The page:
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Why are Stripes and The Jerk classics?

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Why are Stripes and The Jerk classics?

Old 08-11-05, 01:48 AM
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Why are Stripes and The Jerk classics?

I finally got around to watching these movies on TBS. I always had an idea what they were about and many people really enjoyed these movies. However, after watching them I could not understand why. I am a big fan of Bill Murray and Steve Martin. Stripes had the quotable line "That's the fact, Jack!" and the first 1/2 of it was good until Murray enlisted. I didn't find the rest of it all that interesting or funny. The Jerk has its moments. Martin can be really weird in a funny way at times. Overall, the movie wasn't that funny or cohesive. Still, these 2 movies are considered classic or cult comedies. Why?

Last edited by big whoppa; 08-11-05 at 01:51 AM.
Old 08-11-05, 02:35 AM
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The fact that you watched them on TBS negates your critique.

They're in the same vein that makes Caddyshack and Animal House and The Blues Brothers classics.
Old 08-11-05, 03:08 AM
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They're classics for the same reason any movie is considered a classic: They're representative of their time. The humor may not be the same today as it was then, but we see the movie and remember it being funny then, and even why; it brings back memories.
Old 08-11-05, 03:15 AM
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i find it funny because

I Was Born a Poor, Black Child.

the reason that you don't find it funny is

You never had anybody give you the Aunt Jemima treatment.
Old 08-11-05, 04:41 AM
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Originally Posted by big whoppa
I finally got around to watching these movies on TBS.
Good job evaluating the merits of two R-rated movies by watching the heavily edited versions on basic cable. I can hardly wait to hear your take on the airplane version of "Blazing Saddles."
Old 08-11-05, 04:58 AM
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It depends on how strict your definition of the word "classic" is.
Old 08-11-05, 06:24 AM
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Perhaps these would be more to your liking:
Old 08-11-05, 06:59 AM
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The term "classic" is tossed about pretty loosely. It basically means "timeless" in the sense that audiences, readers, listeners(depending on the media) can relate to the experience the same as when it was new when introduced to it for the first time. Nostalgia doesn't count. I wouldn't consider Frankenstein a classic horror film. It originally scared the **** out of people in 1931 but today is too scientifically absurd to be scared by. It can still be appreciated as a character study of Frankenstein and his creation if viewed that way. On the other hand, "The Haunting" will scare you over forty years after it was made. A classic. I have a problem with films that are too contemporary for the time they were made labeled as classic. WWII films made during the war with all the gun ho, we're all in this together don't hold up. They can still have a great story and be enjoyed but more as a historical record. "Easy Rider" is a another example. A great film but no more than a historical snapshot of it's time. Classic should not be confused with "old" or "good". A film can be great but not a classic, or old but not a classic. On the other hand a movie can be terrible and be a classic. If a film stunk when it was released, and everybody still thinks it sucks, then it is a "classic stinker". Comedies always hold up best. Funny is funny.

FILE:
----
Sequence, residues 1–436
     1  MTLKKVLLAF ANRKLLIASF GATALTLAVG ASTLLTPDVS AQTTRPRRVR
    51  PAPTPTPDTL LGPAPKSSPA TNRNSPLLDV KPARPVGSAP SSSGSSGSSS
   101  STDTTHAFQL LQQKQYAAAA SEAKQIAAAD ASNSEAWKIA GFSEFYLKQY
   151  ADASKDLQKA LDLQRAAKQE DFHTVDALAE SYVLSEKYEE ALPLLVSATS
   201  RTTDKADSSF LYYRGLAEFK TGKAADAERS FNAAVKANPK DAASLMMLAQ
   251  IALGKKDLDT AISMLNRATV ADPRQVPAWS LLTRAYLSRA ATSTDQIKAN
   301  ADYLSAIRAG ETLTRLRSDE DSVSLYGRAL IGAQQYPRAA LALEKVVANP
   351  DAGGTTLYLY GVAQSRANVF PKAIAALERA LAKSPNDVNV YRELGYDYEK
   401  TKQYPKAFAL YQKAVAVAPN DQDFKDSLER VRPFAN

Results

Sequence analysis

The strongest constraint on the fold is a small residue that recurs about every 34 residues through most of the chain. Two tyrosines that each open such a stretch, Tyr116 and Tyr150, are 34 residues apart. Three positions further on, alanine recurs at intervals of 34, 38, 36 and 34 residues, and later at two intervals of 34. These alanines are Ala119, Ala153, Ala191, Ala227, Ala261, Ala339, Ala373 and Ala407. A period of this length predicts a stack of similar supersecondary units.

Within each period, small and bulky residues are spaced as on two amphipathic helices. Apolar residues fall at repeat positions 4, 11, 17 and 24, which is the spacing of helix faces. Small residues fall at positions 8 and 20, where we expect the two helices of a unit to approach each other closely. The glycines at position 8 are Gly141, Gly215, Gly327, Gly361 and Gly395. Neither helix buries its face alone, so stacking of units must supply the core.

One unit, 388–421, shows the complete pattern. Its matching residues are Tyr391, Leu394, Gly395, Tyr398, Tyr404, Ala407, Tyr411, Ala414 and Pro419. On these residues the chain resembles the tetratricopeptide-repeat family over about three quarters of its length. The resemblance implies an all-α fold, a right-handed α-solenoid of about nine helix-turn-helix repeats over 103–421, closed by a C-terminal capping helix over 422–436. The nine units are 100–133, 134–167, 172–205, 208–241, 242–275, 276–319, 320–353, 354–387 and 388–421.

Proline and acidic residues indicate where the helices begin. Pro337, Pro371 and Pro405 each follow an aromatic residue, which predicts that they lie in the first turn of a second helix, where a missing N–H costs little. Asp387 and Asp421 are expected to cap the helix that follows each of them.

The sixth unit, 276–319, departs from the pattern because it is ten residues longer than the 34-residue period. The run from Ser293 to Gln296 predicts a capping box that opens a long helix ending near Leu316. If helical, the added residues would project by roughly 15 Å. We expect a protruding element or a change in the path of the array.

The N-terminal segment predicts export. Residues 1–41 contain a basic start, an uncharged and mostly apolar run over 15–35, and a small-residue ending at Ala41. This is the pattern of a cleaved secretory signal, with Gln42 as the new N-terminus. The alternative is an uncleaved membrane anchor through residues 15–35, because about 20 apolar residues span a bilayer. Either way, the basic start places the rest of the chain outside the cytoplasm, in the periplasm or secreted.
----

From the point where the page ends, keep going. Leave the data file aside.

Old 08-11-05, 08:14 AM
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Originally Posted by Mr. Salty
Good job evaluating the merits of two R-rated movies by watching the heavily edited versions on basic cable. I can hardly wait to hear your take on the airplane version of "Blazing Saddles."
Old 08-11-05, 08:27 AM
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They might be considered better than they really are because both were the beginning of two very talented comedians' movie careers.
Old 08-11-05, 08:51 AM
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I love both movies, but watching on them on TV, you hardly saw the actual movies we all love. I think Stripes has a classic performance by Murray but the last act is a bit of a letdown. The Jerk on the other hand is one of my favourite movies of all time. Steve Martin gives one of the funniest performances ever put on film, not to mention having endlessly quotable lines and some great physical gags as well.

I use the Jerk as a lithmus test when I meet new people...if they don't find the jerk funny... Reminds me of a great episode of Freaks & Geeks where Sam takes Cindy to see the Jerk and she doesn't laugh once.

Go out and pick up the DVDs of these movies and give them another shot!

MATT
Old 08-11-05, 08:56 AM
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You do have to watch them unedited, alot of comedies: Animal House, Bad News Bears, Slap Shot, Midnight Run are butchered on regular cable.

The Jerk is funny, but I don't think it passed the test of time to be a classic. However, Stripes to me 24 years later is still hilarious. It is such a great cast: Bill Murray, Harold Ramis, John Candy, Judd Reinhold, John Larroquette, and whoever played Sgt. Hulka was great.

I am not nostalgic, but comedies today go for the cheap laugh and try to shock you, and that is why in 10 years the movies they will seem outdated. Stripes was made in the heyday of comedies, the late 70's/early to mid 80's. Also John Candy steals every scene he is in the movie.
Old 08-11-05, 09:21 AM
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Originally Posted by Mr. Salty
Good job evaluating the merits of two R-rated movies by watching the heavily edited versions on basic cable. I can hardly wait to hear your take on the airplane version of "Blazing Saddles."

Lighten up, Francis.
Old 08-11-05, 09:34 AM